drugs (such as alcohol, barbiturates, and opiates) that reduce neural activity and slow body functions.
a sequence of images, emotions, and thoughts passing through a sleeping person's mind. are notable for their hallucinatory imagery, discontinuities, and incongruities, and for the dreamer's delusional acceptance of the content and later difficulties remembering it.
a synthetic stimulant and mild hallucinogen. Produces euphoria and social intimacy, but with short-term health risks and longer-term harm to serotonin-producing neurons and to mood and cognition.
false sensory experiences, such as seeing something in the absence of an external visual stimulus.
psychedelic ("mind-manifesting") drugs, such as LSD, that distort perceptions and evoke sensory images in the absence of sensory input.
a social interaction in which one person (the hypnotist) suggests to another (the subject) that certain perceptions, feelings, thoughts, or behaviors will spontaneously occur.
a powerfully addictive drug that stimulates the central nervous system, with speeded-up body functions and associated energy and mood changes; over time, appears to reduce baseline dopamine levels.
a sleep disorder characterized by high arousal and an appearance of being terrified; unlike nightmares, night terrors occur during Stage 4 sleep, within two or three hours of falling asleep, and are seldom remembered.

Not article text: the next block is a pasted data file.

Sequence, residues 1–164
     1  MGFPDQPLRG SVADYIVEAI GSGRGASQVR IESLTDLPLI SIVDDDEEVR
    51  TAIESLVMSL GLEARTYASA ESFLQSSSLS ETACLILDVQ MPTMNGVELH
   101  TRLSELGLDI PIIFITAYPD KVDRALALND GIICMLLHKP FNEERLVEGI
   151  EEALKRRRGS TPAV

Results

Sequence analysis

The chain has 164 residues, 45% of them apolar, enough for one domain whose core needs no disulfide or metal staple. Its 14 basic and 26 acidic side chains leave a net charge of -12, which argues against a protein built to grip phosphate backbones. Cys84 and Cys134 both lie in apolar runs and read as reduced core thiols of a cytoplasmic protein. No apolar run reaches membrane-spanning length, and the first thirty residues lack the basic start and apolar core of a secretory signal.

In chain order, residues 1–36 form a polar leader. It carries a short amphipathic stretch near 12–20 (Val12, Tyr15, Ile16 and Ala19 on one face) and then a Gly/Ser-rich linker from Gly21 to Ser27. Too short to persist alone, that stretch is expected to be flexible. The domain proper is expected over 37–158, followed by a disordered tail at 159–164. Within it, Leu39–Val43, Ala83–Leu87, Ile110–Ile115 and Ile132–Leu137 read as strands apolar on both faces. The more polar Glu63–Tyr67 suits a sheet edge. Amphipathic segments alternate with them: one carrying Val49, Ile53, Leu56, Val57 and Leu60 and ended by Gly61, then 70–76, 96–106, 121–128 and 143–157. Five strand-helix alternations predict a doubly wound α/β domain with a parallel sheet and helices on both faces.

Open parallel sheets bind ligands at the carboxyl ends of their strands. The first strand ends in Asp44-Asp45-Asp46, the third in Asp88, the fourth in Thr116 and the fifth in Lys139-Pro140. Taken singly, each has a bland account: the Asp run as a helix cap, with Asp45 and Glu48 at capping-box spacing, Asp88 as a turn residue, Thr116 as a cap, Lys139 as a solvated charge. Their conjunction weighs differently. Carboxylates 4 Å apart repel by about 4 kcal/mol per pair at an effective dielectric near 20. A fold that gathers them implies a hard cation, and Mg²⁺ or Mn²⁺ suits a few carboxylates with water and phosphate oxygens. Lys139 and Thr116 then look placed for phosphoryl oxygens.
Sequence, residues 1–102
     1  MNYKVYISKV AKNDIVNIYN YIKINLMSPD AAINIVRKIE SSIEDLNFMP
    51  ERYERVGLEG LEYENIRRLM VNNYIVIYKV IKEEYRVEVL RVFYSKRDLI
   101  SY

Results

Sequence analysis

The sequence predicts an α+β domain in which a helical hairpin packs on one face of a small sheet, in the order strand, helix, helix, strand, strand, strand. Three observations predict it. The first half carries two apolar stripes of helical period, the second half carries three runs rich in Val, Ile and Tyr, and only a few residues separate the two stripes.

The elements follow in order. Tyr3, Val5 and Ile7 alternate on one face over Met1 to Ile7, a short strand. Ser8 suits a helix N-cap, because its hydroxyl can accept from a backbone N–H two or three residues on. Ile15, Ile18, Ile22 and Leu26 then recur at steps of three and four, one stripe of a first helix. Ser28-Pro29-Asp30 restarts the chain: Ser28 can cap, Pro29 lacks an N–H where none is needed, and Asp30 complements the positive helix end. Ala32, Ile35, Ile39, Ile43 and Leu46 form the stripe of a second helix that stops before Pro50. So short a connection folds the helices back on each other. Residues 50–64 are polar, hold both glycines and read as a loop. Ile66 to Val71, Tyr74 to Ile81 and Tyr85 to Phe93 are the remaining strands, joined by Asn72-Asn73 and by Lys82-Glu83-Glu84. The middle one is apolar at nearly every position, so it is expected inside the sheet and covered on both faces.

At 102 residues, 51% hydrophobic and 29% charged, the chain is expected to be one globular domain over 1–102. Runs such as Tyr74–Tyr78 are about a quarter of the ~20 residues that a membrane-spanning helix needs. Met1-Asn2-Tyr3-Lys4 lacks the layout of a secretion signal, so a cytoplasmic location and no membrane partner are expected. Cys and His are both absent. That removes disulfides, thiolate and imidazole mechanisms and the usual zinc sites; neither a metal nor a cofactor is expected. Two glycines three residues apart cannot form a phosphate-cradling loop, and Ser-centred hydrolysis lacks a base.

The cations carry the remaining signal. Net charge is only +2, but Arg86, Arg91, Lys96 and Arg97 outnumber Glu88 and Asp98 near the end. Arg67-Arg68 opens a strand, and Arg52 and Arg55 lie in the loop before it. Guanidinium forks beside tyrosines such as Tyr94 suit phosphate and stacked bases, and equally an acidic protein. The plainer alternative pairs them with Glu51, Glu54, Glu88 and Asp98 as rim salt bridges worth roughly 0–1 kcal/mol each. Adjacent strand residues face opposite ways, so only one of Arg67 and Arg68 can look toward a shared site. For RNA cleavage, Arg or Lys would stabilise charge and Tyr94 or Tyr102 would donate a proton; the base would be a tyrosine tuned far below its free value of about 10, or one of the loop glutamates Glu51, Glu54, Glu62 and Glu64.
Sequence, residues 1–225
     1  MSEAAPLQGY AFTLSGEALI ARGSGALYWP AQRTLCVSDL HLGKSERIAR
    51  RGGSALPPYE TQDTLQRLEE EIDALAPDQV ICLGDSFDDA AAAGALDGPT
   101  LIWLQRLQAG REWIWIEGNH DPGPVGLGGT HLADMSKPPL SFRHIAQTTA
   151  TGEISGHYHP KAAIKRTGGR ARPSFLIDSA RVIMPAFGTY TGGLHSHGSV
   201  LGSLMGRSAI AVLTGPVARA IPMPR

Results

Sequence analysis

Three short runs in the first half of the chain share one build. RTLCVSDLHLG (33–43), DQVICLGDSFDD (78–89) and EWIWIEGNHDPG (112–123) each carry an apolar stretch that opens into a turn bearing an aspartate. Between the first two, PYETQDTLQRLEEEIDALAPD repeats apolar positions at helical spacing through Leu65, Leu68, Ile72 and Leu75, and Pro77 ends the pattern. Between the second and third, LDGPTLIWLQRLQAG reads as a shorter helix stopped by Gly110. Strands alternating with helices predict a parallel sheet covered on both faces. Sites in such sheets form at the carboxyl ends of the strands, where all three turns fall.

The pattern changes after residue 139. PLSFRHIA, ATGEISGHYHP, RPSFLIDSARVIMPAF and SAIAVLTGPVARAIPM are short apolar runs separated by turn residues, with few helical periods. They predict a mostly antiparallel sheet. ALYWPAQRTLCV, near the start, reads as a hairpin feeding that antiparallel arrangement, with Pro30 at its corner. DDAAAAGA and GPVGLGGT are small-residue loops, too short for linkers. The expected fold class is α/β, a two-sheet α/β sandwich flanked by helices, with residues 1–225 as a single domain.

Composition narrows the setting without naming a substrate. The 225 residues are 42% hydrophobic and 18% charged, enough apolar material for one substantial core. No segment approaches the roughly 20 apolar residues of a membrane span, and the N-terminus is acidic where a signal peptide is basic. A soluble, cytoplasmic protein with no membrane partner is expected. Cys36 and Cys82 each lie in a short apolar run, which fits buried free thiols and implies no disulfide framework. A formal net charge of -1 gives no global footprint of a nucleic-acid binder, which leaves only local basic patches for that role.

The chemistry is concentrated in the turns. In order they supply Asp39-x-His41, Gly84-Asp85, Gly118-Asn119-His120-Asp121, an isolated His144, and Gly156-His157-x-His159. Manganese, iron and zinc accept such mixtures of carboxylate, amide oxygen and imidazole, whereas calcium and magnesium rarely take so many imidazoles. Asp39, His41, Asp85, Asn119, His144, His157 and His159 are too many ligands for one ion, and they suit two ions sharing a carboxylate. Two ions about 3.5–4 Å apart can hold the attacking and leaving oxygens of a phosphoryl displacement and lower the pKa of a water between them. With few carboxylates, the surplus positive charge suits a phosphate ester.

opium and its derivatives, such as morphine and heroin; they depress neural activity, temporarily lessening pain and anxiety.
a physiological need for a drug, marked by unpleasant withdrawal symptoms when the drug is discontinued.
a suggestion, made during a hypnosis session, to be carried out after the subject is no longer hypnotized; used by some clinicians to help control undesired symptoms and behaviors.
the tendency for REM sleep to increase following REM sleep deprivation (created by repeated awakenings during REM sleep).
periodic, natural, reversible loss of consciousness—as distinct from unconsciousness resulting from a coma, general anesthesia, or hibernation. (Adapted from Dement, 1999.)
drugs (such as caffeine, nicotine, and the more powerful amphetamines, cocaine, and Ecstasy) that excite neural activity and speed up body functions.
the major active ingredient in marijuana; triggers a variety of effects, including mild hallucinations.
the diminishing effect with regular use of the same dose of a drug, requiring the user to take larger and larger doses before experiencing the drug's effect.